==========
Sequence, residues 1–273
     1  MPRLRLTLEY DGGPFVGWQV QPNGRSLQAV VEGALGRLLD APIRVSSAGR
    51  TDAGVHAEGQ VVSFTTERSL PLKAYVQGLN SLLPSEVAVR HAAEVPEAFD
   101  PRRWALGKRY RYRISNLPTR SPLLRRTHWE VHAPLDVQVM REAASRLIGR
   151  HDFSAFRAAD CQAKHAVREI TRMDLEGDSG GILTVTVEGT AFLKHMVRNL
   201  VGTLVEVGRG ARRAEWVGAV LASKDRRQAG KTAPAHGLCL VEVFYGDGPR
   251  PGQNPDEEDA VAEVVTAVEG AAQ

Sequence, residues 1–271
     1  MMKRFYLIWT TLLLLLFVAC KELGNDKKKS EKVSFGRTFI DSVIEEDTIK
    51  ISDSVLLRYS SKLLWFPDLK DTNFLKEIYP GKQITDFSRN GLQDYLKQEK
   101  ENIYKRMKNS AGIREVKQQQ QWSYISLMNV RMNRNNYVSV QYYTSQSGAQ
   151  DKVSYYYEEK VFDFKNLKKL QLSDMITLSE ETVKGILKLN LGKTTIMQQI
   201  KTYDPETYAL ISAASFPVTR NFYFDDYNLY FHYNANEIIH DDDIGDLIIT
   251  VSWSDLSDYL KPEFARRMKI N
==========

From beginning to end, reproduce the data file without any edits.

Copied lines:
Sequence, residues 1–273
     1  MPRLRLTLEY DGGPFVGWQV QPNGRSLQAV VEGALGRLLD APIRVSSAGR
    51  TDAGVHAEGQ VVSFTTERSL PLKAYVQGLN SLLPSEVAVR HAAEVPEAFD
   101  PRRWALGKRY RYRISNLPTR SPLLRRTHWE VHAPLDVQVM REAASRLIGR
   151  HDFSAFRAAD CQAKHAVREI TRMDLEGDSG GILTVTVEGT AFLKHMVRNL
   201  VGTLVEVGRG ARRAEWVGAV LASKDRRQAG KTAPAHGLCL VEVFYGDGPR
   251  PGQNPDEEDA VAEVVTAVEG AAQ

Sequence, residues 1–271
     1  MMKRFYLIWT TLLLLLFVAC KELGNDKKKS EKVSFGRTFI DSVIEEDTIK
    51  ISDSVLLRYS SKLLWFPDLK DTNFLKEIYP GKQITDFSRN GLQDYLKQEK
   101  ENIYKRMKNS AGIREVKQQQ QWSYISLMNV RMNRNNYVSV QYYTSQSGAQ
   151  DKVSYYYEEK VFDFKNLKKL QLSDMITLSE ETVKGILKLN LGKTTIMQQI
   201  KTYDPETYAL ISAASFPVTR NFYFDDYNLY FHYNANEIIH DDDIGDLIIT
   251  VSWSDLSDYL KPEFARRMKI N